Watchlist: So you’ve got a lot of time on your hands …


The Columbus Dispatch/TNS

Henry Cavill as Geralt of Rivia in Netflix’s “The Witcher.”

By The Pitt News Staff

Well here we are, stuck at home for a bit. You’re hopefully choosing to practice social distancing as extensively as possible, as lonely as it already feels, and there are a number of different ways to make some of the extra time at home feel a little less claustrophobic. Learn to cook something fancy, take up quilting, finally get around to reading “Moby-Dick” like you always said you would. But there’s also, of course, TV. Here are a few of the picks that our writers think you should get around to watching or rewatching.

The Witcher (Netflix) // Diana Velasquez, Senior Staff Writer

There is no genre better to lose oneself in than fantasy. And with all that’s going on in the world at the moment, I’ll take a little sword and sorcery escapism. “The Witcher,” based on the books by Polish writer Andrzej Sapkowski, was seen by some as Netflix’s high-fantasy successor to a void left by “Game of Thrones,” but “The Witcher” makes ripples in its own way. The show follows the decades-long journey of Geralt of Rivia (Henry Cavill), a witcher — a mutated monster hunter for hire — as he navigates politics of humans and horrors of the many creatures inhabiting the mystical continent. “The Witcher” leans full tilt into the tropes of high fantasy and handles them even better in some ways than “Game of Thrones,” unafraid of alienating its audiences from the characteristics of the genre.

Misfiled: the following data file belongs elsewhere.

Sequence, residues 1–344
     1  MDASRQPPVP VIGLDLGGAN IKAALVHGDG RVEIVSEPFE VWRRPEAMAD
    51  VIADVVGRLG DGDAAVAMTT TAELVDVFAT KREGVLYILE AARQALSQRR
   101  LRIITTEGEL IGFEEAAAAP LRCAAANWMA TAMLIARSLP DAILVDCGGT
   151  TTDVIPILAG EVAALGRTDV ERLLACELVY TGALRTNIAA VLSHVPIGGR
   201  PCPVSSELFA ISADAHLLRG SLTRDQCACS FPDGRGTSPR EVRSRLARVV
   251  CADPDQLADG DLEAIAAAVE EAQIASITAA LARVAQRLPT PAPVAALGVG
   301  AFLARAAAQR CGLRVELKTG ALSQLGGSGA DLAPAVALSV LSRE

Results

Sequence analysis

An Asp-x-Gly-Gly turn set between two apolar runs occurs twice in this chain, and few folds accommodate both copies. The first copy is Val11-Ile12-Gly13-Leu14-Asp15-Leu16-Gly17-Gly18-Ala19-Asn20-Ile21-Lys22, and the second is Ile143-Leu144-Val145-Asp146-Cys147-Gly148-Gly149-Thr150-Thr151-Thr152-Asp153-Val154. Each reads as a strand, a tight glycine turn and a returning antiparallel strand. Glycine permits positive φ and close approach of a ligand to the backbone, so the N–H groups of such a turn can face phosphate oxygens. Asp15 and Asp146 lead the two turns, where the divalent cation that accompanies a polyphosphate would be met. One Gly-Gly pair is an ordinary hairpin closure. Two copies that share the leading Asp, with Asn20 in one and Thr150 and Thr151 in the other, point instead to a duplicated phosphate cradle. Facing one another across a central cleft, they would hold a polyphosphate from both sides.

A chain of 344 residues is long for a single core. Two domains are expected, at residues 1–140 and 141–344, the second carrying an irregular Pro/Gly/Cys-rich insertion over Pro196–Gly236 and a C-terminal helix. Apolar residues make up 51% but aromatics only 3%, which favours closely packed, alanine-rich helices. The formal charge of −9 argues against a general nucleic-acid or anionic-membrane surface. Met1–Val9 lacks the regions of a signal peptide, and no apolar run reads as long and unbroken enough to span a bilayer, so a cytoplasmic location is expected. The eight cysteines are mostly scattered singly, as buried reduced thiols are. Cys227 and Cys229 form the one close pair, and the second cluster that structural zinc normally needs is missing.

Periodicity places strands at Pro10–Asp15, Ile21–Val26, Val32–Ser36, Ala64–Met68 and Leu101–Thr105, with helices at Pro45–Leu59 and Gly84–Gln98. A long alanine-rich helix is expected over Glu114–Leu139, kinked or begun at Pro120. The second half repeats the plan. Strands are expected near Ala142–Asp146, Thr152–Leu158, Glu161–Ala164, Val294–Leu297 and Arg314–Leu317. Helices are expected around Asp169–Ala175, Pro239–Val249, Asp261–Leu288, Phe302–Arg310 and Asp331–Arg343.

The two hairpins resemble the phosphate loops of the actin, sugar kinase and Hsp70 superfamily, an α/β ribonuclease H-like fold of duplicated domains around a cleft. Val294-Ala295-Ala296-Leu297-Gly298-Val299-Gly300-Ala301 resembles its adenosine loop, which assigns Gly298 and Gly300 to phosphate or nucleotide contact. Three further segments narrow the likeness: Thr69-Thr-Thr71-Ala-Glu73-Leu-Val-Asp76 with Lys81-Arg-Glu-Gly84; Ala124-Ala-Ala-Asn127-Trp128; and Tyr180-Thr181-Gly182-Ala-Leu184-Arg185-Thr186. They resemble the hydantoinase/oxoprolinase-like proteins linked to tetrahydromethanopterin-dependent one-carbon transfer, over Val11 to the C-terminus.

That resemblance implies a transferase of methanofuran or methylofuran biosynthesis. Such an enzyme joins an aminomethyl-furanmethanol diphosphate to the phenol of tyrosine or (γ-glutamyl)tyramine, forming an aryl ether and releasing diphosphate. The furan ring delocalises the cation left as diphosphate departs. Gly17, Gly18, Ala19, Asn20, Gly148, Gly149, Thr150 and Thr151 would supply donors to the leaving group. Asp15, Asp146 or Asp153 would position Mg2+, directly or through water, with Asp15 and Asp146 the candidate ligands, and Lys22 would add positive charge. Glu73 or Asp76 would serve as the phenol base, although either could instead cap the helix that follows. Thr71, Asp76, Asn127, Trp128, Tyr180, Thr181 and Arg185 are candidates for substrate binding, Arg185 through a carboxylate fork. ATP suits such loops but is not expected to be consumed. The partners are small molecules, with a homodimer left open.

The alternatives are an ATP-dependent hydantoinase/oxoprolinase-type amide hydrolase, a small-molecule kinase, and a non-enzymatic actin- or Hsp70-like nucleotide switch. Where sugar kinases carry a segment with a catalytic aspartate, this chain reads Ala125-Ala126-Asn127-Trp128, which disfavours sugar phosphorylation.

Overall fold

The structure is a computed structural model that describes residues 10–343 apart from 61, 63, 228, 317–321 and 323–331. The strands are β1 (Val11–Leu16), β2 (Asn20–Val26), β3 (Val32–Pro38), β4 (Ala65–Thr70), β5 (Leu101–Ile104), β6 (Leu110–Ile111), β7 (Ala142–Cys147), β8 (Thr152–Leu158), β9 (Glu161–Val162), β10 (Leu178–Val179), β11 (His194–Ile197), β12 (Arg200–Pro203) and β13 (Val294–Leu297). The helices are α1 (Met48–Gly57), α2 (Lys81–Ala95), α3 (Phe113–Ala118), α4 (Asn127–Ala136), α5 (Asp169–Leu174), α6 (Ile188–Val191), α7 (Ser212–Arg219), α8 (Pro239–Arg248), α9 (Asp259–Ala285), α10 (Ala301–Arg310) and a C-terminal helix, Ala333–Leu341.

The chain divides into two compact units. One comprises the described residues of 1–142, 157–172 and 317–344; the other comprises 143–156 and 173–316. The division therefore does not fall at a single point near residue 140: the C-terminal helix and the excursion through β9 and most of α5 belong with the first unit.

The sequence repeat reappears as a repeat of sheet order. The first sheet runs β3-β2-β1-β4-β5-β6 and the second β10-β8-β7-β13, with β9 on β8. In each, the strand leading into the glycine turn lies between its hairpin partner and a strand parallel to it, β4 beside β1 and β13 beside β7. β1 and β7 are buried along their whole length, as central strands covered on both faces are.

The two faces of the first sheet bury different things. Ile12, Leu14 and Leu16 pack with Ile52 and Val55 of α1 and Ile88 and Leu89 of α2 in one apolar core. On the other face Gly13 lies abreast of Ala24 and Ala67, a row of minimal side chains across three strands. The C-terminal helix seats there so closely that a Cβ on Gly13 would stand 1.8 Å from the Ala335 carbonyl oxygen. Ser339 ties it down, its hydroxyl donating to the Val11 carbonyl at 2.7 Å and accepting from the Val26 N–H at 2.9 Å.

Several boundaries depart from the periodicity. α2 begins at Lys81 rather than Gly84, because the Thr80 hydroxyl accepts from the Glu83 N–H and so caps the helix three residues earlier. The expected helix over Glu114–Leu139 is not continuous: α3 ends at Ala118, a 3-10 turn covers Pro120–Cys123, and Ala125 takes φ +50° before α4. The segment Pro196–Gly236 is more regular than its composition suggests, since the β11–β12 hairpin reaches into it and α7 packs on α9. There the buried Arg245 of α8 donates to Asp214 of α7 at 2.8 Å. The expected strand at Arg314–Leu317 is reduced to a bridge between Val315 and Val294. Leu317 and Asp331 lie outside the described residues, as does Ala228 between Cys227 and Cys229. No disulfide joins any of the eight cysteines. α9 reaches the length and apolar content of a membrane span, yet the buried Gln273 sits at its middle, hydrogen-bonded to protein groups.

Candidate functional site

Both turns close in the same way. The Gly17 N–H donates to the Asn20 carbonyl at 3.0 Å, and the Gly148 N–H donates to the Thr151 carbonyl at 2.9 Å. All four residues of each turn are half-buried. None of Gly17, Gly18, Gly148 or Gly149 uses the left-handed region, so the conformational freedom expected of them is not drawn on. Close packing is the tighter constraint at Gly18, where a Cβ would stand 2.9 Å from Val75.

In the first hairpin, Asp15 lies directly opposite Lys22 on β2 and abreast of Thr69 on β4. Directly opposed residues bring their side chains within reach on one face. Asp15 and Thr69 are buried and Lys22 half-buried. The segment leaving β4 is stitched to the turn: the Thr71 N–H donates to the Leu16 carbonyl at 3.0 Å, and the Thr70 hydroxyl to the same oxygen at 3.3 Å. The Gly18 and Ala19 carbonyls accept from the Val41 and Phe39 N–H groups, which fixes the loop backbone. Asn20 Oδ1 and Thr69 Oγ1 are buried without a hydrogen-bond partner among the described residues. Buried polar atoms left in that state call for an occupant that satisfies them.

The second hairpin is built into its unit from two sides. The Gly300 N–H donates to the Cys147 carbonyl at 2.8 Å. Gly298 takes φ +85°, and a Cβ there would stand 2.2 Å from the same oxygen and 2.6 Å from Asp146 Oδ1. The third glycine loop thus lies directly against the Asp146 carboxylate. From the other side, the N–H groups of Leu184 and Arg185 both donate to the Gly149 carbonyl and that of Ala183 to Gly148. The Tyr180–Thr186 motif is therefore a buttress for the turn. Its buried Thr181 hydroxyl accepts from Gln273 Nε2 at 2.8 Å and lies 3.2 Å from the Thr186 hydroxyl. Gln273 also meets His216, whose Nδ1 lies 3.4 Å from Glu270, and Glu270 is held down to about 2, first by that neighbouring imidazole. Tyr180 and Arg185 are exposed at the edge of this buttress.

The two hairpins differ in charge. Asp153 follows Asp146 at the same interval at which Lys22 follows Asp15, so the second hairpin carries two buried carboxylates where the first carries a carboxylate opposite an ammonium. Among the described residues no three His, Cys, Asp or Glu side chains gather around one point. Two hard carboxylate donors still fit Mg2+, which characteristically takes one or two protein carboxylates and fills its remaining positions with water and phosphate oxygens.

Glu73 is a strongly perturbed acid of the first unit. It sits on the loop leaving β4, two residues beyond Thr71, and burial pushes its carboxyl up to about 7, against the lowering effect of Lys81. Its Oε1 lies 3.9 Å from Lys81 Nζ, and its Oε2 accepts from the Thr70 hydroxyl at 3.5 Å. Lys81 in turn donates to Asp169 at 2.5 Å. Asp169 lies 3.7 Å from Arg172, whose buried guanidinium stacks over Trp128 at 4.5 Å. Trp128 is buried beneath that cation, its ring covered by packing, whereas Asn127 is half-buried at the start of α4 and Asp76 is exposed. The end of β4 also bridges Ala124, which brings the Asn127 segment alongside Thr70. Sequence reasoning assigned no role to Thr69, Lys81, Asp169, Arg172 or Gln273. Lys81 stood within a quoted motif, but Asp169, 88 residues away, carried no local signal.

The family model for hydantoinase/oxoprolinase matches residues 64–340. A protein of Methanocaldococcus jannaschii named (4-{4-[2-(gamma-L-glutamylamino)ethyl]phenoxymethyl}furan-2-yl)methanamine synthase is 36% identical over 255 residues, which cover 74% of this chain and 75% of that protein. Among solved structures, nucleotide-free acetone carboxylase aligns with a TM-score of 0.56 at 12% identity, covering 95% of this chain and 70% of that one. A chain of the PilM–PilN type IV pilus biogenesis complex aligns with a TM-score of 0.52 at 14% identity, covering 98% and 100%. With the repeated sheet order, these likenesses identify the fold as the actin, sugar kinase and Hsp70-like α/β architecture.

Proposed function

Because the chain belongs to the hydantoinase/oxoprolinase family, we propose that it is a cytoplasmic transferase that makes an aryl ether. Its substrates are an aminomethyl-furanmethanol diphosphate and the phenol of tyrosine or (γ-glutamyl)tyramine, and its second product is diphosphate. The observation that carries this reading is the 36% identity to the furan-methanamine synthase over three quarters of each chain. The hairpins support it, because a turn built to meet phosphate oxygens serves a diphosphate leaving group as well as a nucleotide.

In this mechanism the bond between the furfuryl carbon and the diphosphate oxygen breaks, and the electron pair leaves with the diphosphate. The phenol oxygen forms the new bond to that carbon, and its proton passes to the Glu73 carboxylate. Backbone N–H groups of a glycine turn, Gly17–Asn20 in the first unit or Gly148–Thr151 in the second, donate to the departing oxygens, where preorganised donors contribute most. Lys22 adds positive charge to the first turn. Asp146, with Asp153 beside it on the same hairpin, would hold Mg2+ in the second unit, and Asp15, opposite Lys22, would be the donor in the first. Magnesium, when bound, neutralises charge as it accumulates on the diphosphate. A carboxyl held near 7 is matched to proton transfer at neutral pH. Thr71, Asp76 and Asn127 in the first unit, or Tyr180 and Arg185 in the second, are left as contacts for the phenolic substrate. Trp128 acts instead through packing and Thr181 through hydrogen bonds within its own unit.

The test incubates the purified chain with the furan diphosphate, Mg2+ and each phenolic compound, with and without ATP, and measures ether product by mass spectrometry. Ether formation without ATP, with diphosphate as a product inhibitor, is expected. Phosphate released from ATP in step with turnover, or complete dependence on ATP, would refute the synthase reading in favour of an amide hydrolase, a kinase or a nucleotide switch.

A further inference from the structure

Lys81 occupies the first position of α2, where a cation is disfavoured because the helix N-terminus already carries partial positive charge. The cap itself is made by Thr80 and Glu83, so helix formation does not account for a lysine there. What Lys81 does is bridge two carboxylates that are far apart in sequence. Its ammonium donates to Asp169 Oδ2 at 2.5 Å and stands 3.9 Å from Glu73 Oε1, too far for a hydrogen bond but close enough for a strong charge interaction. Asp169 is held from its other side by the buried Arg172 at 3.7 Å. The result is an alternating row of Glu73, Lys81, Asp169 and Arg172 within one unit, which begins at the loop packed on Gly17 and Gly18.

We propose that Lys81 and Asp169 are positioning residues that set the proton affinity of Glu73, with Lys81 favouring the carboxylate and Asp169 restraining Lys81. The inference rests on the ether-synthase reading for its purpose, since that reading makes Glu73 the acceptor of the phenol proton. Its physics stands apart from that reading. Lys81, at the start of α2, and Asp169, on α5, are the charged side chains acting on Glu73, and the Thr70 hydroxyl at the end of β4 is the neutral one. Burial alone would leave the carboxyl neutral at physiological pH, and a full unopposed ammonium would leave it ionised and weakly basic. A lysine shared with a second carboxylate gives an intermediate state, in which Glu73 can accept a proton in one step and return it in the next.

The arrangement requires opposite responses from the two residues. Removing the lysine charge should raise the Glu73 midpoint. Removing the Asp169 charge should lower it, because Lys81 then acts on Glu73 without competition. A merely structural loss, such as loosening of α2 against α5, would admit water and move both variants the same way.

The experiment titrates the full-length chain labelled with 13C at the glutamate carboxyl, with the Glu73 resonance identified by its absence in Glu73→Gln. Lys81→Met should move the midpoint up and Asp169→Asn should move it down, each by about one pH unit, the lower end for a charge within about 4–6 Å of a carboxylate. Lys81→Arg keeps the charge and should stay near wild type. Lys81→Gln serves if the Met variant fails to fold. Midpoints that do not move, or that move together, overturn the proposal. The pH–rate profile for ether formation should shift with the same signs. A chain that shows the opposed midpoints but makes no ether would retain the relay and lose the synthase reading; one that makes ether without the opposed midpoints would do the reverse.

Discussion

That ’70s Show (Netflix) // Mary Rose O’Donnell, Contributing Editor

Nostalgia is hot right now. From “Stranger Things” to the “IT” movies, everyone seems to be really into exploring the past and reliving life in a simpler era. “That ’70s Show” is the perfect nostalgia piece for this time of quarantine. This eight-season sitcom centers on Eric Forman (Topher Grace) and his group of friends as they navigate the ups and downs of being a young adult in the fictional town of Point Place, Wisconsin, in the late 1970s. Eric and his friends — Donna (Laura Prepon), Hyde (Danny Masterson), Kelso (Ashton Kutcher), Fez (Wilmer Valderrama) and Jackie (Mila Kunis) — make a tight-knit group that sticks together when times get tough, but, like any other friend group, has some difficulties as well.

Though “That ’70s Show” is a teen comedy, it isn’t afraid to get serious. This show does a great job at exploring tough topics of the time — like divorce, birth control, unemployment and financial stress — while also sticking to its sitcom roots and keeping the audience laughing throughout each episode. Though the show takes place in the 1970s, you don’t have to have lived during that time to enjoy it. I have seen every episode multiple times and it never ceases to make me laugh and make my day a bit better.

The Stranger (Netflix) // Maggie Young, Contributing Editor